(IWM Photo, CH 478)

A crew member on board a Vickers Wellington places night flares in position in the cramped rear fuselage.  Note the Elsan chemical lavatory to the right.

(IWM Photo, CH 13880)

Tail gunner on a Vickers Wellington, 1942.  The turrets used a power-operated Nash & Thompson control unit, with the tail gunner being armed with four .303-inch Browning machine guns.

(Library and Archives Canada Photo, MIKAN No. 4558163)

Sergeant Raymond Trudeau, Air Gunner speaking with another gunner in the front turret of a Vickers Wellington, 2 May 1944.

(IWM Photo HU 107810)

Vickers Wellington Mk. I (Serial No. P9249), overhead view, ca 1940.

(RAF Photo)

Vickers Wellington (Serial No. N2887), 13 July 1943.

(RAF Photo)

Loading bombs onto a Wellington.

(IWM Photo, H 10305)

Winston Churchill inspecting a Wellington bomber and its ground crew during a visit to an RAF bomber station, 6 June 1941.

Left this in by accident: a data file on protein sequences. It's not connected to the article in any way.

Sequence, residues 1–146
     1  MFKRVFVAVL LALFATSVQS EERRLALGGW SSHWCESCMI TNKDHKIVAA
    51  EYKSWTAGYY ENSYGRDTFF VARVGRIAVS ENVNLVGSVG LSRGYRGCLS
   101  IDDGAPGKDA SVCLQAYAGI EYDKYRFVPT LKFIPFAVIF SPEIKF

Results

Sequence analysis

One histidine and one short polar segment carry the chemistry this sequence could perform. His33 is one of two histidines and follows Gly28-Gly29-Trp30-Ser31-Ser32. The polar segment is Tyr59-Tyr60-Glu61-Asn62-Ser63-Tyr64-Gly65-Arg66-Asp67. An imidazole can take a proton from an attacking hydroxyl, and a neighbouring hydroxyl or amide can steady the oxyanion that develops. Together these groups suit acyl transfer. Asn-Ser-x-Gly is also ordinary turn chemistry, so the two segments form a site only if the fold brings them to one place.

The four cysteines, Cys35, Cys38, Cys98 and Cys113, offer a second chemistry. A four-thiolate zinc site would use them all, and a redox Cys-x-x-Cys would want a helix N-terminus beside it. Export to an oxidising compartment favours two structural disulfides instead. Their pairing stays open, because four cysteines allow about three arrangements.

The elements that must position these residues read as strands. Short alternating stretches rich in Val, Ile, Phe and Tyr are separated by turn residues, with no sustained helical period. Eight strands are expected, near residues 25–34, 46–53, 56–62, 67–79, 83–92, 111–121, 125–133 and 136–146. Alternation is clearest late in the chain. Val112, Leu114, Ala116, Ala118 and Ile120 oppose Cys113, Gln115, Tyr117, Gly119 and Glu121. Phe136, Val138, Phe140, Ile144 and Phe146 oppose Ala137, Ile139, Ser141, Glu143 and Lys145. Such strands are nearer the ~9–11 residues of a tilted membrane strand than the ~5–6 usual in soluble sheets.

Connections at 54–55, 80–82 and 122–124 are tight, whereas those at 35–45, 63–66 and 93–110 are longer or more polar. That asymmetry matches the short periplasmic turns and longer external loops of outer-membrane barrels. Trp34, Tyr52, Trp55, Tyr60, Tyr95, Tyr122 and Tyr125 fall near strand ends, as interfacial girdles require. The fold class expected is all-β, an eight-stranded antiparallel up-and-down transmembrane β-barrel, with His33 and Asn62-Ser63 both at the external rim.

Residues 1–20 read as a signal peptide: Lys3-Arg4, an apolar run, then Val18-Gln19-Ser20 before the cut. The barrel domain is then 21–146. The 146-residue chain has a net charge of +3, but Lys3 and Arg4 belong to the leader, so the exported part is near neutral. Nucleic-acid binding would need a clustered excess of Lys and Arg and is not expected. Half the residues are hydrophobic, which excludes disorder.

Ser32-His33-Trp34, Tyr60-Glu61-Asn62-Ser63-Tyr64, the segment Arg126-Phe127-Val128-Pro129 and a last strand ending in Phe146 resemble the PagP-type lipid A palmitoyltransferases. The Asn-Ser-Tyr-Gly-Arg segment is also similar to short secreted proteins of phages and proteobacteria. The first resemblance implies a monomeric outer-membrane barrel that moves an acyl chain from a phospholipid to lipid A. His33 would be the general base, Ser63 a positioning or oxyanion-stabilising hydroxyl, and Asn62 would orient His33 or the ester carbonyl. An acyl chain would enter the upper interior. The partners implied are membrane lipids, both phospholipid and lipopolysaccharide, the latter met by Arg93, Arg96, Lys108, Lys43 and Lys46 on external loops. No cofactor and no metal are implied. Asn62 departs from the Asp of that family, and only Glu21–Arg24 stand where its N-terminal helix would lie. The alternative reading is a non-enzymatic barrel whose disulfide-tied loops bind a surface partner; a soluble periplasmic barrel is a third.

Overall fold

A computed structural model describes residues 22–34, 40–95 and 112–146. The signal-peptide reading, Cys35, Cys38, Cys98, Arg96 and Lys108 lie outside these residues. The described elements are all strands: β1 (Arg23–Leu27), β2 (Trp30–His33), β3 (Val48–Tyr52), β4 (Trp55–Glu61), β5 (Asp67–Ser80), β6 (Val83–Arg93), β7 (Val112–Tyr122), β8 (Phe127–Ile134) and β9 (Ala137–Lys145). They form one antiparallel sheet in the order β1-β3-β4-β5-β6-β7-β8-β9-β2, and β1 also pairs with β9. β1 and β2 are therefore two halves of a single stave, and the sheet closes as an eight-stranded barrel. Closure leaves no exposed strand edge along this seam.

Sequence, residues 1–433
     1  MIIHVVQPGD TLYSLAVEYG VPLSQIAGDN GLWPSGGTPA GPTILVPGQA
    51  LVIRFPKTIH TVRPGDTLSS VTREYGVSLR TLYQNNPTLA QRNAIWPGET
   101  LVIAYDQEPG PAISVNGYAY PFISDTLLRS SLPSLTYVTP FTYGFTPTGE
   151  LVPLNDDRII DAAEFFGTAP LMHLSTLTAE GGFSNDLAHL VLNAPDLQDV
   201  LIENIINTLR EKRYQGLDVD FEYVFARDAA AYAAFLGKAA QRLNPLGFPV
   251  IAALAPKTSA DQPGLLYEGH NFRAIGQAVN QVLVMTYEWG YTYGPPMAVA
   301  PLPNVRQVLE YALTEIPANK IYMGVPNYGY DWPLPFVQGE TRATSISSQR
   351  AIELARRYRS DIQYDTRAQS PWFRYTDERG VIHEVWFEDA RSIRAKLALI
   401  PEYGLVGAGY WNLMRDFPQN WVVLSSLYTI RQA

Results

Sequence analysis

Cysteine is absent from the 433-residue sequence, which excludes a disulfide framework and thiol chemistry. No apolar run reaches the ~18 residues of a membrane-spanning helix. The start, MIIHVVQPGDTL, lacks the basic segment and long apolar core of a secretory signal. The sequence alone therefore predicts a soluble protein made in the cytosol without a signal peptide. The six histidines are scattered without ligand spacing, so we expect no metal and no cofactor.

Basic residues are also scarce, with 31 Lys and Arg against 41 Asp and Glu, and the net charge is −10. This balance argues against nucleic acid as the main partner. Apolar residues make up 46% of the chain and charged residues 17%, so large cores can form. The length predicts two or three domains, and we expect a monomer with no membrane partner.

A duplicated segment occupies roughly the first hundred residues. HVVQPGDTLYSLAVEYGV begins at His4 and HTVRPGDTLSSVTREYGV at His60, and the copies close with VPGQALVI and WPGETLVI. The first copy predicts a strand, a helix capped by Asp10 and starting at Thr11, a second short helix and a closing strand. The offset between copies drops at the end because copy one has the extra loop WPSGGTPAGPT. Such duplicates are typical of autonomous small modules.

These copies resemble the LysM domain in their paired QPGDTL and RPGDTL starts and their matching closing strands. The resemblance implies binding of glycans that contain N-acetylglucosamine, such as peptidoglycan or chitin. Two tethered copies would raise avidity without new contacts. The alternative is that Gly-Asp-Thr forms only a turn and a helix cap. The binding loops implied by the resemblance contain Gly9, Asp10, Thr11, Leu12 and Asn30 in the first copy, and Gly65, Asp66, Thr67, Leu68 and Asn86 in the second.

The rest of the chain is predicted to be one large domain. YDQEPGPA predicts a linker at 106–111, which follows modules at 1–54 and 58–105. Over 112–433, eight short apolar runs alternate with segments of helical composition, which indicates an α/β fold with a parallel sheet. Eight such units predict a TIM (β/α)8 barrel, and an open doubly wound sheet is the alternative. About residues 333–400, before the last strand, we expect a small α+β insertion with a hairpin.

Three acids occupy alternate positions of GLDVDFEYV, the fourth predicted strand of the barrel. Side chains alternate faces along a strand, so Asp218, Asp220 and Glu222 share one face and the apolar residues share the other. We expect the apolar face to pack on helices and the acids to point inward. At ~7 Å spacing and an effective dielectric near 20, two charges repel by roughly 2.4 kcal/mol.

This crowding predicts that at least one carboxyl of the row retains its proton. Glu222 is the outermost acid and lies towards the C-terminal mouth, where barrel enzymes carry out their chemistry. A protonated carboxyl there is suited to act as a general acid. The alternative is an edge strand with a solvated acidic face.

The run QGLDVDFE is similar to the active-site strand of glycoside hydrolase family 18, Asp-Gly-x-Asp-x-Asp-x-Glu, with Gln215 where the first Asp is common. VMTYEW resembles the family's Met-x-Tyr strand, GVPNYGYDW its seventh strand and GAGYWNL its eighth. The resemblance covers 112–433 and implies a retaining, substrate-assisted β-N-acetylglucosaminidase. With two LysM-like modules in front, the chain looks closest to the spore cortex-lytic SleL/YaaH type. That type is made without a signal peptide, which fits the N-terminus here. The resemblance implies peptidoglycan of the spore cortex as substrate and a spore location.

(RAF Photo)

Vickers Wellington bomber formation, c1940.

(IWM Photo, HU 107812)

Vickers Wellington Mk. IC bombers of No. 149 Squadron in flight, circa August 1940.

(IWM Photo, FLM 1995)

Vickers Wellington GR Mk. XIVs at Chivenor, Devon.  In the foreground is (Serial No. MP774), coded P, of No. 179 Squadron RAF, while the other aircraft including (Serial No. HF127), coded 2-C, belong to No. 407 Squadron RCAF.

(Library and Archives Canada Photo, MIKAN No. 2266824)

Vickers Wellington Mk. II, coded LQ-O, Canada Stamp.

(IWM Photo, CH 3027)

Vickers Wellington Mk. II (Serial No. W5379), in flight from Aldergrove, County Antrim, prior to delivery to No. 12 Squadron, RAF. at Binbrook, Lincolnshire.  It was lost over Cologne on 11 October 1941. One of the aircrew lost was RCAF Flt Sgt Alfred Joseph Childs.

(IWM Photo,  CNA 2699)

Vickers Wellington B Mk. X, No. 20 Squadron, RAF in Italy, similar to the bombers flown by No. 431 Squadron.